Hatry tells me that those who commission her are invariably the inconsolable, people who have loved someone so deeply that they don’t want to ever be without them. One woman, Hatry says, contacted her to create a portrait of her sick daughter who had not yet died. The mother sent Hatry a photo in advance, so that Hatry could quickly get to work when the time came. This woman didn’t want to be without her child. Not even for one day.
While hundreds of commissions may be evidence that there’s a market for these portraits, many of the people I’ve introduced to Hatry’s work quail at the idea.
“There are, of course, people who find it horrifying,” Hatry has said of her work. “But they find, rather, death horrifying — not so much what I’m doing.”
Death is something we push away, she has said. “It happens in the hospital, in the funeral home. We don’t want to have to do anything with it. And I think our lives would be very much enriched if we changed that.”
I spoke with Gary Laderman, a religion professor at Emory University studying death and funeral rituals, who says that adverse reactions to Hatry’s work might be primal, stemming from deep confusion or repulsion related to the body. There may also be cultural considerations. While in some cultures, like the Torajans in Indonesia, keeping the dead close is a longtime practice, many traditions demand that dead bodies be kept separate from the living. Many Jewish and Christian traditions still hold that bodies should be returned to the ground, and in Islam, burial typically happens as soon as possible. Members of the Zoroastrian faith in India believe dead bodies are so unclean that they contaminate everything they touch. To prevent contamination, they place bodies on towers, leaving them to be devoured by vultures and other scavengers, before their sunbleached skeletons are moved to designated pits to disintegrate.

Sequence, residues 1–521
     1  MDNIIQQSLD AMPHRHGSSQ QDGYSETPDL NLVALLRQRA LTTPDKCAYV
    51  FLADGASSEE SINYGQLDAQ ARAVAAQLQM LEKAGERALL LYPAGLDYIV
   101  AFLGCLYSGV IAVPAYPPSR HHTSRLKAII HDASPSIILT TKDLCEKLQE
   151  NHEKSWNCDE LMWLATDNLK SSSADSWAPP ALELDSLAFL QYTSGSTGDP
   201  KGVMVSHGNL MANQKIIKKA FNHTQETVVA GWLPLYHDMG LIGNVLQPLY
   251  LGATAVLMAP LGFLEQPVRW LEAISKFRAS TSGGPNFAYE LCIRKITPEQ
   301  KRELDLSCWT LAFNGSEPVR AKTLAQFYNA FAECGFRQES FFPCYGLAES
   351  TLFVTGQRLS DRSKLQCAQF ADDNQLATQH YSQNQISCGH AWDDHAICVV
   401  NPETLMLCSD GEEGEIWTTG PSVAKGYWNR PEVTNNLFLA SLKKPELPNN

But some experts sense a shift in people’s attitudes about death. The hospice movement helped to bring the act of dying back into the home. Large-scale tragedies, like 9/11 and the COVID-19 pandemic, have helped make death feel more immediate and integrated into daily American life. And Western society has shown growing attitudinal support for things like physician-assisted suicide, Carr told me. More people, particularly younger people or those who don’t belong to conservative religious faiths or hold conservative political beliefs, believe that if someone is suffering, with no hope of recovery, they should be allowed the option of a self-determined death.
As the thinking around death shifts, so have trends in disposition. In the last couple of decades, cremation has supplanted traditional burial as the most common funerary practice in America. Catholics have been allowed to cremate their loved ones since the ’60s, and while the adoption of the practice has been slow, some say the trend is picking up as it becomes more socially acceptable among them. Others believe the rise of cremation correlates with the rise of the “Nones” — people with no religious affiliation, whose growing prevalence may also contribute to shifts in cultural ideas about rituals and the body.